The result ended up being more shotgun and spread looks than Gruden used in the past. His system, a ball-control passing game that can eat up clock while stretching teams horizontally rather than vertically, still features many of the shifts, motions and varied formations that were his calling card, but he has also expanded his usage of formation wrinkles, 3×1 trips receiver sets (usually with three wideouts on one side and a tight end on the other, often revealing if a defense is in man or zone coverage) and converging releases by wide receivers. Additionally, Gruden – like his brother Jay, currently the Jacksonville Jaguars’ offensive coordinator – is excellent at building plays involving pass routes that are run at the short, intermediate and deep levels simultaneously.

Carr, in his seventh years as the starting quarterback for the Silver and Black, is gifted but conservative. According to Benoit, “…..Carr is clearly the type of quarterback who needs strong weapons around him. He isn’t an assertive risk taker who will target tight windows snap after snap. His proclivity for getting the ball out quickly (especially when he’s uncomfortable) makes him dependent on unique presnap passing game tactics.”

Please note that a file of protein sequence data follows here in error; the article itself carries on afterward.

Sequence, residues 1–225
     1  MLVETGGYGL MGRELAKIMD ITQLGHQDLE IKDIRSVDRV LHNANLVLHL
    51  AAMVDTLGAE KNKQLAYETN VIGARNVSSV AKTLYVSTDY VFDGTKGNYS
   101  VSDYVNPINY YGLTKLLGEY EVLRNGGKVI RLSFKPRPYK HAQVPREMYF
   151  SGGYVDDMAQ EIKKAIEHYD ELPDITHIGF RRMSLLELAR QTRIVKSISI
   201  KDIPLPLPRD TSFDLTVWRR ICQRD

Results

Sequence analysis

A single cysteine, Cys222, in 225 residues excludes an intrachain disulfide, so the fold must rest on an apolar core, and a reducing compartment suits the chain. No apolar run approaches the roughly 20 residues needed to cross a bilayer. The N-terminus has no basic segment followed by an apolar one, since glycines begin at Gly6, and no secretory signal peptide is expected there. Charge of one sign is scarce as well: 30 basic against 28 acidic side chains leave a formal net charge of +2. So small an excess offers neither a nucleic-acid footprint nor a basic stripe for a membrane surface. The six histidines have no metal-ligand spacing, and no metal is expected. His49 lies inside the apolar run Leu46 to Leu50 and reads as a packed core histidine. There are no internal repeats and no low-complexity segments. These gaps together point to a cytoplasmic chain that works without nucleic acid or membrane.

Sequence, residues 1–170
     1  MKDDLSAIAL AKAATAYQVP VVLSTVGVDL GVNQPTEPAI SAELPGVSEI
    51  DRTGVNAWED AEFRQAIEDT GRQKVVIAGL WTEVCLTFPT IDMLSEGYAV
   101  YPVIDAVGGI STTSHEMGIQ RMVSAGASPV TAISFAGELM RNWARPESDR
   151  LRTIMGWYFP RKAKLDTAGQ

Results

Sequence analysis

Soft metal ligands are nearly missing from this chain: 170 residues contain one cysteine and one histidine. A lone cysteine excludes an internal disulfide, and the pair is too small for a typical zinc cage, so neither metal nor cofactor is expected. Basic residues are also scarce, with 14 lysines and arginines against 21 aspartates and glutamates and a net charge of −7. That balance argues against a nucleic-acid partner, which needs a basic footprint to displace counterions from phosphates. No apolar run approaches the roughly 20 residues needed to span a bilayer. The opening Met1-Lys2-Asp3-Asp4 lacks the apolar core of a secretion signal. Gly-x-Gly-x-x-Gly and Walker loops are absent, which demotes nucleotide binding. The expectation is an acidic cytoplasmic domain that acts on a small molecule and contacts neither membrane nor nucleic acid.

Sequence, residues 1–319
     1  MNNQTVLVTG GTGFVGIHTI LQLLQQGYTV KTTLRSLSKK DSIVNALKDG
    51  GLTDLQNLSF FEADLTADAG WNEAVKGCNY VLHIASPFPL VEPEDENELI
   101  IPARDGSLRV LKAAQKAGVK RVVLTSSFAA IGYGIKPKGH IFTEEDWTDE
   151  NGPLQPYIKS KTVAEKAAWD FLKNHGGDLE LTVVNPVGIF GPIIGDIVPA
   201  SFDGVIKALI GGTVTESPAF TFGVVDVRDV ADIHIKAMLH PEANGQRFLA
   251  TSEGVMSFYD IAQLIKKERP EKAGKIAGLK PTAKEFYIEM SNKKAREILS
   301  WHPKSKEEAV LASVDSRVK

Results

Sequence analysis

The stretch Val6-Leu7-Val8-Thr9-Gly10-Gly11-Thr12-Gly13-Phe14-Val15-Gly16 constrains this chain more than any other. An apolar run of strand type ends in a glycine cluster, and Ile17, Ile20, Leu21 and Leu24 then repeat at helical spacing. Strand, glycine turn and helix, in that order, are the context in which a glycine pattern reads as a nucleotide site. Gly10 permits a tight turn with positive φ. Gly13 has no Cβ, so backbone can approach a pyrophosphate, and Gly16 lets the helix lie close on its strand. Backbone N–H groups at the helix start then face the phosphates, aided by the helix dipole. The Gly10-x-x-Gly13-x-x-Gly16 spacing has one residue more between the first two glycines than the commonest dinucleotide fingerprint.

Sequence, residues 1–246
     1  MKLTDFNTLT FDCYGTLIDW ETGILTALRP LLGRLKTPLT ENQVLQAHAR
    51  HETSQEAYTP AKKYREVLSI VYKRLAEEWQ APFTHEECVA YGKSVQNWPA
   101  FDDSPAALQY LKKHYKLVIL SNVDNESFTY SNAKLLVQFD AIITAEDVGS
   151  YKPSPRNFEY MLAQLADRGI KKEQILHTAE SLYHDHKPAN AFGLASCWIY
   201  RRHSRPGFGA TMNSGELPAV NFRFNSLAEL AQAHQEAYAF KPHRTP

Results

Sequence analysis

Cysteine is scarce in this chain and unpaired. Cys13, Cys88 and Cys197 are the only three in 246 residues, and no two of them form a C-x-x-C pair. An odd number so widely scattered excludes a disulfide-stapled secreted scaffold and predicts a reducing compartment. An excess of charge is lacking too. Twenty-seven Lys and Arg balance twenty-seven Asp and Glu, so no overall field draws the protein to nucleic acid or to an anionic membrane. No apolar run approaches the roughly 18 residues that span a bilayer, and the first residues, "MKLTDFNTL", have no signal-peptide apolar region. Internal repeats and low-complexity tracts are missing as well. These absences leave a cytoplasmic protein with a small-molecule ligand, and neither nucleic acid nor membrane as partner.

To help prod Carr into taking more risks down the field, this past spring Gruden and general manager Mike Mayock drafted wideouts Henry Ruggs III out of Alabama in the first round and Bryan Edwards from South Carolina in the third round. Both are talented, especially Ruggs, whose explosive speed makes him a threat not just down the field, but also while in motion, on sweeps/end arounds/reverses and in the screen game.

Unfortunately for Carr neither Ruggs nor Edwards will likely suit up on Sunday due to injuries – and lanky receiver Tyrell Williams, a sage on seam routes at the intermediate levels, is out for the season with a torn labrum. This will force the Raiders to rely on tight ends Darren Waller and Jason Witten, former Bills bust Zay Jones, former Eagle Nelson Agholor and second-year target Hunter Renfrow in addition to multi-faceted running back Josh Jacobs in the passing game. Waller is a talented pass-catcher who can line up in various spots along the line of scrimmage while Witten, the former Dallas Cowboy who has slowed down considerably at 38 years old, has always been at his best running short option routes against zone coverage. Jones has questionable hands while Agholor and Renfrow work best out of the slot.